Unix & Linux Stack Exchange is a question and answer site for users of Linux, FreeBSD and other Un*x-like operating systems. Join them; it only takes a minute:

Sign up
Here's how it works:
  1. Anybody can ask a question
  2. Anybody can answer
  3. The best answers are voted up and rise to the top

I am a newbie here and my apologies if I am posting a question which has been answered many times in a another thread.

I did my homework find some relevant information But could not. Thanks for reading.

I am trying to create a ISO image of my executable By hiding few files off the ISO immage as i want the user only to see an EXE and not the other directories when they open in a PC (Windows) is the targeted ENV in which my users will launch the application.

share|improve this question
I forgot to mention that i have to create the ISO in LINUX os. – linux developer Jan 31 '13 at 21:37
Also posted on Super User. Don't do that. – Gilles Jan 31 '13 at 23:13
I have to do that because i dont know which is the right forum to ask these question. Dint have an intention to create duplicates everywhere. – linux developer Feb 1 '13 at 15:30
up vote 1 down vote accepted

If you have a set of directories that you want to incorporate into a ISO file you can do it using this command:

% mkisofs -o ~/my_iso.iso -r -J -hide-rr-moved -V "Title of ISO" \
       -graft-points "Directory1/=/home/me/dir1" "Directory2/=/home/me/dir2"

The above command switches are as follows:

-o = name of output .iso file
-r = set permissions to 0
-J = output's ISO using Joliet format (useful for Windows users of the final ISO)
-V = Volume ID

-hide-rr-moved = hides the directory RR_MOVED to .rr_moved
-graft-points = specifies names of locations in ISO and what goes into 
                them from local system

Hiding files

I believe you could modify the above and add the switch -hide-joliet <pattern>. This will filter any files matching the <pattern>. For example:

% mkisofs -o ~/my_iso.iso -r -J -hide-rr-moved -V "Title of ISO" \
       -hide-joliet *files_to_ignore* \
       -graft-points "Directory1/=/home/me/dir1" "Directory2/=/home/me/dir2"

NOTE: --hidden can also be used to "hide" files. But both these switches are a misnomer. The files are still present on the disk and anyone with admin rights can see them on the disk. There's an attribute that is set on the ISO file system noting whether a file is hidden or not. This hidden facility is MS-DOS and Windows command specific!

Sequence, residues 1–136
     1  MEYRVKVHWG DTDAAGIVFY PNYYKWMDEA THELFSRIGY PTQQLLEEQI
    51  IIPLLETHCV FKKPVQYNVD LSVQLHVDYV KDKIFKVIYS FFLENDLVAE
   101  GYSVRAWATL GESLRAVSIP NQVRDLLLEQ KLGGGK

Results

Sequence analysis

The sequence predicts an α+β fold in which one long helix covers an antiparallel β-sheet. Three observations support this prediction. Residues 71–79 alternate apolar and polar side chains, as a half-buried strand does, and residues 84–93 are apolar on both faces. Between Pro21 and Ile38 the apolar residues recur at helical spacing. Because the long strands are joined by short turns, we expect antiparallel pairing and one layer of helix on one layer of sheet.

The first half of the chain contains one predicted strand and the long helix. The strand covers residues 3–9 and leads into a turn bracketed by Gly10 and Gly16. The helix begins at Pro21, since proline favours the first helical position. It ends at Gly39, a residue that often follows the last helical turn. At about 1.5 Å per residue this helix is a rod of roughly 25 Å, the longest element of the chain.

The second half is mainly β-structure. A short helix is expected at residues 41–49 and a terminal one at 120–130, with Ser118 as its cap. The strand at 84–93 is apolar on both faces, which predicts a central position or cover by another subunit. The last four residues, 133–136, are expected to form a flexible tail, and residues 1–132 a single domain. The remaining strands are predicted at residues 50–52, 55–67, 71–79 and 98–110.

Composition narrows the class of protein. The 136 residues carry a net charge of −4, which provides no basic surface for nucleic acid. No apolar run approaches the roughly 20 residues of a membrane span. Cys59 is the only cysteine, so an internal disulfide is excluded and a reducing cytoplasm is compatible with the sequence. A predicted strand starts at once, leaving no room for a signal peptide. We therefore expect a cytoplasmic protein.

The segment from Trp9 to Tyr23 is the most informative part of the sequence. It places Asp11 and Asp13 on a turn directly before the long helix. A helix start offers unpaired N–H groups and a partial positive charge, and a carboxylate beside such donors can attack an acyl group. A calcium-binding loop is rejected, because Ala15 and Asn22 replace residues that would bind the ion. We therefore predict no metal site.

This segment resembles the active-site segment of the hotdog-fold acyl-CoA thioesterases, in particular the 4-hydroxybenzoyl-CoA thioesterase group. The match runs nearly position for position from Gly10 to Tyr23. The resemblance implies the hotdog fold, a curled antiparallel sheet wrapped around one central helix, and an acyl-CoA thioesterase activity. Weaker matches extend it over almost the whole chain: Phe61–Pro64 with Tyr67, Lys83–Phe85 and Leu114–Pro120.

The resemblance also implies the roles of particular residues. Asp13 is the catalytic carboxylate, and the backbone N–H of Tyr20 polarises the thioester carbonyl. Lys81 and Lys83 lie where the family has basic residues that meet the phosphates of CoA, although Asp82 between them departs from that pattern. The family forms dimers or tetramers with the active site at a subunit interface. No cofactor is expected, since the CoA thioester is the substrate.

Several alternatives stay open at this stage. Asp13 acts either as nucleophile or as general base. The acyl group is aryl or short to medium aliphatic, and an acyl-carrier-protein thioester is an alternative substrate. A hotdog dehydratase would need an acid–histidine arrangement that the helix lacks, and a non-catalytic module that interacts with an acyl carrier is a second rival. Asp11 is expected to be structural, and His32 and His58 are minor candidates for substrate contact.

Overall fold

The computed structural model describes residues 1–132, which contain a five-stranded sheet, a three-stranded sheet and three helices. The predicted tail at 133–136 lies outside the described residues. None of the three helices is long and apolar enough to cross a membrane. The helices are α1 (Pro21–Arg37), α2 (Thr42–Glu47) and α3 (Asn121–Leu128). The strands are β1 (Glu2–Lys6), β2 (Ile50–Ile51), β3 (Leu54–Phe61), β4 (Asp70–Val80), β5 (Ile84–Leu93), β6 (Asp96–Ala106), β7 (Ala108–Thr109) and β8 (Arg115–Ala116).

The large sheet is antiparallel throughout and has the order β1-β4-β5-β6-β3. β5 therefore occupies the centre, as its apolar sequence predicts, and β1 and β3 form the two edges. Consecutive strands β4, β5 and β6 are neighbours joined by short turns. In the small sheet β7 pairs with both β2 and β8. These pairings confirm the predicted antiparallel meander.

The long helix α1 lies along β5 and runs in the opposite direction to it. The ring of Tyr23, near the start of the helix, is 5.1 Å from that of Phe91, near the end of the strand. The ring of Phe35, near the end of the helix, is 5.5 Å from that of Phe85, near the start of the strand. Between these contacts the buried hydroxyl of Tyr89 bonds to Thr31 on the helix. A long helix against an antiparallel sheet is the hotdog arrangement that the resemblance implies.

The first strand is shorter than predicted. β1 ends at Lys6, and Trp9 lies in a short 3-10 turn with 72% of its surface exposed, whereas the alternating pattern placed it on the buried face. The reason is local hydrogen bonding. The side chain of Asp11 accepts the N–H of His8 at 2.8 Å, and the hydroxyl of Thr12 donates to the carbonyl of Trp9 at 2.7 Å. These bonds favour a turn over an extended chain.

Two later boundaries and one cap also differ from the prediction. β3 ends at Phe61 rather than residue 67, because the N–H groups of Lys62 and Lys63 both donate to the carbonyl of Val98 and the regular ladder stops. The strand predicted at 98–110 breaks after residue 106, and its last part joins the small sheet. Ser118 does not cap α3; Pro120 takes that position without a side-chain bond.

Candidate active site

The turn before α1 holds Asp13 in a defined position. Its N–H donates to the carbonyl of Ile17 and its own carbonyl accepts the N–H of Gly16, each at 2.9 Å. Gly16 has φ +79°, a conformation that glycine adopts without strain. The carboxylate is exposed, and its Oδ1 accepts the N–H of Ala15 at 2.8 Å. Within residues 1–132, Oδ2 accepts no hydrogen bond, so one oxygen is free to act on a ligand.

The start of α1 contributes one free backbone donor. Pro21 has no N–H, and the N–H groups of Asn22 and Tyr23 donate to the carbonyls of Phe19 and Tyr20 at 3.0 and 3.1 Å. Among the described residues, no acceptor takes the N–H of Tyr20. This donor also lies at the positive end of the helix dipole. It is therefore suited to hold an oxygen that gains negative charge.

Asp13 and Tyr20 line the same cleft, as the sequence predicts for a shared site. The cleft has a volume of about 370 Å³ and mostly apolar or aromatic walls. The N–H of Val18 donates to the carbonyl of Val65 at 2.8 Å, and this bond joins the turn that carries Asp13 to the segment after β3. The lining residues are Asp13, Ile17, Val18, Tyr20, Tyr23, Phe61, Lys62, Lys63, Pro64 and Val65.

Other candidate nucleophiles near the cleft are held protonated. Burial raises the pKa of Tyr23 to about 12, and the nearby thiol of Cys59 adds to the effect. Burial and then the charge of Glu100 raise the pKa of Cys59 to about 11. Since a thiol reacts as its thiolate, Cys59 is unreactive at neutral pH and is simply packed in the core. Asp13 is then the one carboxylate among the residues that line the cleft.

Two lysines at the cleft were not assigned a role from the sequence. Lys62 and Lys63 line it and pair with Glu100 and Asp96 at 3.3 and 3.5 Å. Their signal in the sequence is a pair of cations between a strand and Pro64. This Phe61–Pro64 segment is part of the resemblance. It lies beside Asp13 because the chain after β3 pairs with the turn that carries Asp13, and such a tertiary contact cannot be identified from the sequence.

NTFS attributes

The OP had several questions regarding NTFS file system attributes such as H (Hidden) & S (System Files).

The attributes, including:

  • H - hidden
  • S - System
  • etc.

... are file system attributes that are part of NTFS (These aren't part of the file itself). These attributes aren't directly supported by Joliet/UDF. I believe the NTFS attributes are applied (in this case only hidden is supported) to the UDF/Joliet file system in the ISO.

share|improve this answer
You might want to try a hybrid DVD (UDF/HFS+). Not sure how windows presents these but HFS+ does provide support for the folder icons. The question is what does a Windows system do when presented with this stuff. – slm Feb 4 '13 at 18:17

That depends on what software you use to create the image. mkisofs has several options concerning hiding files, but I think the one you need is -hidden:

  -hidden glob
          Add the hidden (existence) ISO-9660 directory attribute for glob.  This attribute will prevent glob from
          being  listed  on  DOS  based systems if the /A flag is not used for the listing.  glob is a shell wild-
          card-style pattern that must match any part of the filename or path.  In  order  to  match  a  directory
          name, make sure the pathname does not include a trailing '/' character.  Multiple globs may be hidden.

Since it's a somewhat esoteric feature, it might not be available through a graphical frontend if you use one.

share|improve this answer
Forgot to mention that i am creating ISO from LINUX as the device that i connect to the HOST ( primarily WIN) has to mount a partition as CD ROM so that they can run the Executable from that. – linux developer Jan 31 '13 at 21:39

Your Answer


By posting your answer, you agree to the privacy policy and terms of service.

Not the answer you're looking for? Browse other questions tagged or ask your own question.